CHINA Gaokao amid the pandemic: unprecedented measures in place to ensure students’ safety


Gaokao amid the pandemic: unprecedented measures in place to ensure students’ safety

People's Daily Online

09:25, July 07, 2020

Starting from July 7, across China 400,000 exam rooms will be expecting 10.7 million young examinees, who will embark on one of the most important journeys of their lives – the National College Entrance Examination (Gaokao) that can alter their life direction forever.

Cleaners disinfect a classroom at Beijing No 12 Middle School in the capital's Fengtai district on Friday to ensure a safe testing site during the coronavirus pandemic. About 660 students are preparing to take the national college entrance examination from Tuesday to Friday at the school, the largest exam venue in the district. (Photo: China News Agency)

An annual occurrence, the Gaokao is the sole determinant for admission to Chinese universities. The test result will decide not only what universities an examinee can attend, but also whether he or she will find a well-paid job in the future. About 3 in 5 students will make the cut in this silent battle, while only 1 in 20 can access the top universities in China.

As ruthless as it sounds, Gaokao is now close at hand. Over the next few days, people’s conventional perception of China being a boisterous and vivifying country will be totally shattered. The whole nation will be immersed in tranquility, expectation and anxiety, all for a short period of time during this solemn examination.

Affected by the COVID-19 pandemic, as well as natural disasters such as flooding and rainstorms in several regions, this year’s Gaokao has been unprecedentedly postponed for a month, with multiple countermeasures against the pandemic implemented. What’s new in this year’s Gaokao? What measures will the Chinese government take to protect the students’ safety during the pandemic as well as ensuring a fair play for every examinee?Please follow us and check them out!

Gaokao during the COVID-19 pandemic

As a large number of students will be confined in exam rooms for a lengthy period, the risk of spreading COVID-19 is not to be neglected. Twenty days before the exam, Chinese authorities issued specific instructions to protect the students’ safety.

All examinees are required to keep a daily record of their temperature two weeks ahead of the exam. At least three spare exam rooms are prepared at each exam center, in case examines have shown symptoms such as abnormal temperature. Each spare room can contain nine students at most, while counselors will also be at the scene to sooth the students’ nerves.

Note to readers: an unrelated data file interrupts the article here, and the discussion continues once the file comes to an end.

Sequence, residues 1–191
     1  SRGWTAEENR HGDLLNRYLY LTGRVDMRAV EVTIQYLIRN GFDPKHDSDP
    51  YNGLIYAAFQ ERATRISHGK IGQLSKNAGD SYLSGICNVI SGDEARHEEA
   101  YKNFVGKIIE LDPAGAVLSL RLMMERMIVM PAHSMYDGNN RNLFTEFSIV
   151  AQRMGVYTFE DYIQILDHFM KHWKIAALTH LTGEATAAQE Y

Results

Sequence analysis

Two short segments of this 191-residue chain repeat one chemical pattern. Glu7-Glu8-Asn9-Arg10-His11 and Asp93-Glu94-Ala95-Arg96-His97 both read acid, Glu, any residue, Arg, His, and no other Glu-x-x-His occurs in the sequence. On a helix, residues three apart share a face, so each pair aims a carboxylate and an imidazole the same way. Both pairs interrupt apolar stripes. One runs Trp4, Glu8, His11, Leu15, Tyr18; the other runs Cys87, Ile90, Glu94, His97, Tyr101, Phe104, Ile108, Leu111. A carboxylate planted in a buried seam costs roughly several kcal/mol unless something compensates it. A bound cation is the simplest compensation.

Outside of each exam room, it is required to be equipped with disinfection items such as ultraviolet ray disinfection devices, masks and tissues, while exam monitors are required to wear protective gear.

For students who are currently in centralized quarantine for medical observation, they will take the exams alone in an isolated exam room. Local governments will provide transportation for them in order to prevent infection.

Every year, parents and teachers of the examinees gather together outside of the exam centers and forge their own cheering squads for the kids. This year this tradition is banned due to the pandemic, as well as out of concern that such behaviors may actually burden the students, giving them extra stress.

In addition to launching measures to protect the students’ safety during the pandemic, their mental health is also a vital concern of the government. Due to the pandemic, graduating students have had to study at home for months since February. Lacking face-to-face interaction with their teachers and classmates, as well as the stress and fear for the upcoming exam, some have developed anxiety or even depression. Local authorities, along with medical institutions and social organizations, have arranged free psychological counseling on social media, providing professional help to the examines. For instance, the Communist Youth League Committee of Shanghai Songjiang Area has created a psychological assistance account on social media, providing telephone numbers of medical professionals to students who are in need.

Many NGOs and companies have also launched activities to help the examinees. For instance, the navigation service provider AutoNavi will provide free rides for students taking the exam who make reservations.

Reforms of traditions

Starting from this year, a new college enrollment plan called “Strengthening Foundation Plan," known in Chinese as "Qiang Ji Ji Hua," will replace the independent recruitment plan started in 2003 to select students with special talents in math, physics, chemistry, biology, history, philosophy and ancient studies.

The pilot program, which will initially be rolled out in the country’s top 36 universities, is regarded as a reform of Gaokao to shift the overwhelming focus away from pure scores and results. Compared to the 2003 independent recruitment plan, which entitles universities to recruit candidates based on their own subjective criteria, the new scheme requires applicants to attend the Gaokao and undergo an evaluation process organized by the selective universities before being admitted as a student,, reducing malpractice during the selection process.

The scheme aims to better select and train students that are interested in serving the country's major strategic needs, who at the same time have excellent comprehensive qualities or excel in basic discipline studies, said the document issued by the Ministry of Education via its official website.

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